7. The New Deck
The new deck was finished.
Continue reading Building a Deck by Myself (7)
After the framing was done, I ordered EverGrain deck boards and railing systems at the shop where I purchased lumber. The first 40 pieces of 20-foot-long deck boards in two colors, Cedar and Cherry Wood, arrived. This time, I did not let the truck drive to our backyard (they did so previously and tore up the ground). Instead the boards were unloaded on our driveway.
Continue reading Building a Deck by Myself (6)
The last day of September was sunny. I went to a local building material shop to purchase pressure-treated lumber. The shop delivered the lumber the same day. Because of the recent rain the ground of our backyard was soft, and the delivering truck made many deep ruts in the backyard. That night it rained again, and our backyard looked like that the next morning. Pity! Continue reading Building a Deck by Myself (5)
The surface of the house next to the deck location is brick veneer. The Details prohibits ledger board attachment to brick veneer, so the new deck had to be free-standing, requiring footings to be dug next to the wall. There would be twelve 16 in. square footings, and two 12 in. round footings. Size of footings were clearly defined in the Details.
The next step was to design the deck. My friend, who proposed me to do-it-myself, told me it cost him about $2,500 to hire someone to make five drawings. He asked me if I planned to hire someone to draw the plans; he also told me when he went to the county to get his permit he saw many people had drawn theirs by hand on paper without even using a ruler, and that the clerks were very patient helping people modify their plans. I told him I was going to draw my own plans and he sent me his over the Internet to use as a reference. I also reviewed the drawings in the deck-building books, and the requirements in the Details, then got the ideas how to make my drawings. Continue reading Building a Deck by Myself (3)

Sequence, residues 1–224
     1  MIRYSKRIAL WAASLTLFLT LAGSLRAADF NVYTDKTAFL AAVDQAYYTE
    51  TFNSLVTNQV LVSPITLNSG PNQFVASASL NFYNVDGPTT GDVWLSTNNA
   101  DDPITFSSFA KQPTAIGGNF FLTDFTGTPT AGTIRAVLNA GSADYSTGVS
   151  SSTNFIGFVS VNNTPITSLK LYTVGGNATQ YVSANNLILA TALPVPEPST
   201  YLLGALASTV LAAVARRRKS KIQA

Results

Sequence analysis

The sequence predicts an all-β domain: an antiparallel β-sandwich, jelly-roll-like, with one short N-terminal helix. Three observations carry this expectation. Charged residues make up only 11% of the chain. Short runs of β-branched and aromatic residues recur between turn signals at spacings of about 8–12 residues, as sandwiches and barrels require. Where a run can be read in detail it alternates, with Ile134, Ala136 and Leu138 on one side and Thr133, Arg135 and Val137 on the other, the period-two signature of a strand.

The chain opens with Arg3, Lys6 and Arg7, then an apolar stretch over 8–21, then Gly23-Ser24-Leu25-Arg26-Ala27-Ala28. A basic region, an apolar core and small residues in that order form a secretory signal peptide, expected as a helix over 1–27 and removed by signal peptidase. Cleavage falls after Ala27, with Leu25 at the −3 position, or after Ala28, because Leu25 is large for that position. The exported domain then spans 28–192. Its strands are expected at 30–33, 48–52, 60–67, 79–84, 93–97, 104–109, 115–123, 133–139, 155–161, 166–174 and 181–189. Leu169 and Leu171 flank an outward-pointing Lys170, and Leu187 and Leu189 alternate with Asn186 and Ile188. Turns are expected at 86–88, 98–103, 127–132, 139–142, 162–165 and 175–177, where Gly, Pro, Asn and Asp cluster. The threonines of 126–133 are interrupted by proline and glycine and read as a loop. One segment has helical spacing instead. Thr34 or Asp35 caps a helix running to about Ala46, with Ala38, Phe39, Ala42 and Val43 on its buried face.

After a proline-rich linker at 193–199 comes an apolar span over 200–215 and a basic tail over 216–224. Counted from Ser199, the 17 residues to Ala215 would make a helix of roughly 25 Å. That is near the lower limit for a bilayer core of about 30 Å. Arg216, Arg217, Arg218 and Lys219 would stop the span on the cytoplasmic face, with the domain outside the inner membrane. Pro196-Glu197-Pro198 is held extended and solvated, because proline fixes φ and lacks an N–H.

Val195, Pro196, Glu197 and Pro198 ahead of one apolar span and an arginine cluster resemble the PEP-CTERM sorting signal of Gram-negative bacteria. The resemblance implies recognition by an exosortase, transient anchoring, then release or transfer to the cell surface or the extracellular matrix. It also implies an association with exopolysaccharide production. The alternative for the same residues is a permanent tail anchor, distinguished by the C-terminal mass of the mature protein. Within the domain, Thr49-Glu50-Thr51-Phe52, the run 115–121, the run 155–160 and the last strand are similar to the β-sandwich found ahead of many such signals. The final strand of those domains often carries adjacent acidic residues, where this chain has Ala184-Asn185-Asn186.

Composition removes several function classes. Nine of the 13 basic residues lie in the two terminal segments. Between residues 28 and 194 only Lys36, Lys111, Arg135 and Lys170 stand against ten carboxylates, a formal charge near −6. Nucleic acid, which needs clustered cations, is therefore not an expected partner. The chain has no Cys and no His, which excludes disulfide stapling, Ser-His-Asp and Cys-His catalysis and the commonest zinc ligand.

Having made up my mind I started the process. The first thing to do was choose the materials. Fairfax County Typical Deck Details (hereinafter referred as the Details) require the weight-bearing structure to be pressure-treated lumber. As for the deck boards, both wood and composite are allowed. In order to reduce future maintenance, we decided to go with composite. Continue reading Building a Deck by Myself (2)
(This series of blogs were posted on my WangPage.com in Chinese early 2009. Now, translate to English and re-post here.)
In June 2008, a windstorm knocked down a 60-foot-tall locust tree in our backyard.
Continue reading Building a Deck by Myself (1)